According to Genuis (CPC), the party would bring back the Office of Religious Freedom, fight against the Liberal Summer Jobs values test, and defend persecuted minorities around the globe.

Turcotte (Green) said his party will protect religious liberty by giving people their basic needs so they can live their lives freely.

Incumbent Sorbara (Liberal) touted his relationship with refugees in his riding, his record in representing them, called the Office of Religious Freedom “ineffective,” also adding that Scheer’s cuts to foreign aid are a “shame.”

Green (NDP) called out Bill 21 in Quebec and said an NDP government will stand “loud and proud” with those fighting against it.

Life issues

The NDP said it will protect conscionce rights on euthanasia, push palliative care. They also said Catholics care about more than just abortion and questioned why the Liberals broke their electoral reform promise.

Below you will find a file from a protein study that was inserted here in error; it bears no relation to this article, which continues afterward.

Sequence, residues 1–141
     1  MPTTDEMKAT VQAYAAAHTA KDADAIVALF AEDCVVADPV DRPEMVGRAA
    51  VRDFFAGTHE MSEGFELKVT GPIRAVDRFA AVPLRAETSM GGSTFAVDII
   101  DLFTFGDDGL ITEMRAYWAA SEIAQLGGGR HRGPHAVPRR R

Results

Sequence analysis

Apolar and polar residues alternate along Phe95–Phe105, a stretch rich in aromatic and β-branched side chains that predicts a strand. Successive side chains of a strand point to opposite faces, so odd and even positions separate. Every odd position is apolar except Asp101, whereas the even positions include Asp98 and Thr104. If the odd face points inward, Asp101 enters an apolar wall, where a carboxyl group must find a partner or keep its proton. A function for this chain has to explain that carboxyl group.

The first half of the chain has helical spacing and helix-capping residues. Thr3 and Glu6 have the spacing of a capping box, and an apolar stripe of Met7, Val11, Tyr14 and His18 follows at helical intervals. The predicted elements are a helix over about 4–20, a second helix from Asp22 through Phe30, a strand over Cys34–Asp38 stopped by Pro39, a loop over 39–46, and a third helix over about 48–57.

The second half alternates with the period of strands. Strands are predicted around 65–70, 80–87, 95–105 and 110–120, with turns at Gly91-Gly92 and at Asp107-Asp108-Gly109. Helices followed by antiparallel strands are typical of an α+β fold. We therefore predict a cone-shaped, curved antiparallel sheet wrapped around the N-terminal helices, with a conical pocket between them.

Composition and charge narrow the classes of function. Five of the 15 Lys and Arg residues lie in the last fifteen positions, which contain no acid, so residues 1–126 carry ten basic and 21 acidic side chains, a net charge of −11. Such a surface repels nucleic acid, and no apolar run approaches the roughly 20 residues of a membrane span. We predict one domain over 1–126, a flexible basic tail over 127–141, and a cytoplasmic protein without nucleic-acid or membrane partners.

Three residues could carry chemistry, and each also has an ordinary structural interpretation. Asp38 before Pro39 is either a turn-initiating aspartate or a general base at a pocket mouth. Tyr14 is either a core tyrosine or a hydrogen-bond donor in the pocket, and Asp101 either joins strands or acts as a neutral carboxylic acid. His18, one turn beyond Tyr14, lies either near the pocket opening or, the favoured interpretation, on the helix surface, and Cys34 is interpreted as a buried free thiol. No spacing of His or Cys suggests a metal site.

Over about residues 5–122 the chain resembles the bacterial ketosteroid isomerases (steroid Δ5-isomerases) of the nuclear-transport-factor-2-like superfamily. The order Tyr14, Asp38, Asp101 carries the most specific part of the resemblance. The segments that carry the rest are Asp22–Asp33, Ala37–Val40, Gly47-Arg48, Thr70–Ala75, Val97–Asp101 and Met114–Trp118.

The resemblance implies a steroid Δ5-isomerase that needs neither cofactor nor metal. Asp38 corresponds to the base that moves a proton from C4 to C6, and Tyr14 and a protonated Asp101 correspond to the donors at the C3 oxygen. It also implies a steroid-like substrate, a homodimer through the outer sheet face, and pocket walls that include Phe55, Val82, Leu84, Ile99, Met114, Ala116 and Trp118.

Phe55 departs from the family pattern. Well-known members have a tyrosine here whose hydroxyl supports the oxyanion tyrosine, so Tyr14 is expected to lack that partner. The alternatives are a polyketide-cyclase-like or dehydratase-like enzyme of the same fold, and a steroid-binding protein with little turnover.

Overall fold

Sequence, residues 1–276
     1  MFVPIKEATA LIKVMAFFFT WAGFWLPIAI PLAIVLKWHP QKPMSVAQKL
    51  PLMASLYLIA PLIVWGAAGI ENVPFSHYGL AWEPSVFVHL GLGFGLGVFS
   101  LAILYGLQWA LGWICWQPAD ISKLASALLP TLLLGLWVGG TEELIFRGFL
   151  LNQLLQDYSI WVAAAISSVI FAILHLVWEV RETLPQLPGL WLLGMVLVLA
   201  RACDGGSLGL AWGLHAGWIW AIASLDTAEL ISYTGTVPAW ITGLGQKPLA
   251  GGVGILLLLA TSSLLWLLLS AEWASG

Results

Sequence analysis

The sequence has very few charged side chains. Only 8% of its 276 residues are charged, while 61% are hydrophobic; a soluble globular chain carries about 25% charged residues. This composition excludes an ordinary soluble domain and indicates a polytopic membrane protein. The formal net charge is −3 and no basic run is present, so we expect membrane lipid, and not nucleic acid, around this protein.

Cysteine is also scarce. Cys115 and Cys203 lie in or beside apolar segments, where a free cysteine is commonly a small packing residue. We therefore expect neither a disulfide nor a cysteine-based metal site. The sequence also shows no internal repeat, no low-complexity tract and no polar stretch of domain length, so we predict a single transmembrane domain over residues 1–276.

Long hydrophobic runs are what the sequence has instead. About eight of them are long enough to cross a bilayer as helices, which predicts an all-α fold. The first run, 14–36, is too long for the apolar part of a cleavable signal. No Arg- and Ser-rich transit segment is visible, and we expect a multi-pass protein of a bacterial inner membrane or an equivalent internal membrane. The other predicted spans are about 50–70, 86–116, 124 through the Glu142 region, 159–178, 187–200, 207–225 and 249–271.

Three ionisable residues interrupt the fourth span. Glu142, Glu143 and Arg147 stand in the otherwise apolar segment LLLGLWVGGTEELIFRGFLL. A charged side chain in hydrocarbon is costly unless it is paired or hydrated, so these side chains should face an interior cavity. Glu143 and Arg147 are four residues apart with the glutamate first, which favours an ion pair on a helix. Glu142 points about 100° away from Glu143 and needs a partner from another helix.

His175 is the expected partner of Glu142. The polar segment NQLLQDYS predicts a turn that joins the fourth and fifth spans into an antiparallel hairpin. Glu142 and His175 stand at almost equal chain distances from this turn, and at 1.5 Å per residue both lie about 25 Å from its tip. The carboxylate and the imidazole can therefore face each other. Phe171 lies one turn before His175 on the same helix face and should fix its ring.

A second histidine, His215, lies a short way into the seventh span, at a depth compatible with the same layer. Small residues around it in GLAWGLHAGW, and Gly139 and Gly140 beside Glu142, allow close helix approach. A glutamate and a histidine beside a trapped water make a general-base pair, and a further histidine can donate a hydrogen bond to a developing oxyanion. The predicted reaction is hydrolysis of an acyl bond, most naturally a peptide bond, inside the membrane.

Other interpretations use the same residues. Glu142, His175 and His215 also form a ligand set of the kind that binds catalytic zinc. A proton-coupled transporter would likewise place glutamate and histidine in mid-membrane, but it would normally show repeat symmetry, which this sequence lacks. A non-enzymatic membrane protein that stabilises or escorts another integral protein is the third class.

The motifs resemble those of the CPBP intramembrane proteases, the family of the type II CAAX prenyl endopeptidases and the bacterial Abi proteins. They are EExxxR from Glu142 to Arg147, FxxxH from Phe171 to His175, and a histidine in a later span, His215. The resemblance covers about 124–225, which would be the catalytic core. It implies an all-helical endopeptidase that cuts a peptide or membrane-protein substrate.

The Liberals affirmed their support of a women’s right to choose, noted that nobody is opening this debate and focused on providing subsidies to help women even further.

Additionally, the People’s Party of Canada’s representative claimed full party support for free speech, including speech about abortion. He noted that one of their candidates is planning to bring forward a private members bill banning third-trimester abortions.

The Green Party’s debate participant called for the need to look at root causes, focussed on the need for universal pharmacare to help women and look out for “health and safety of these children.”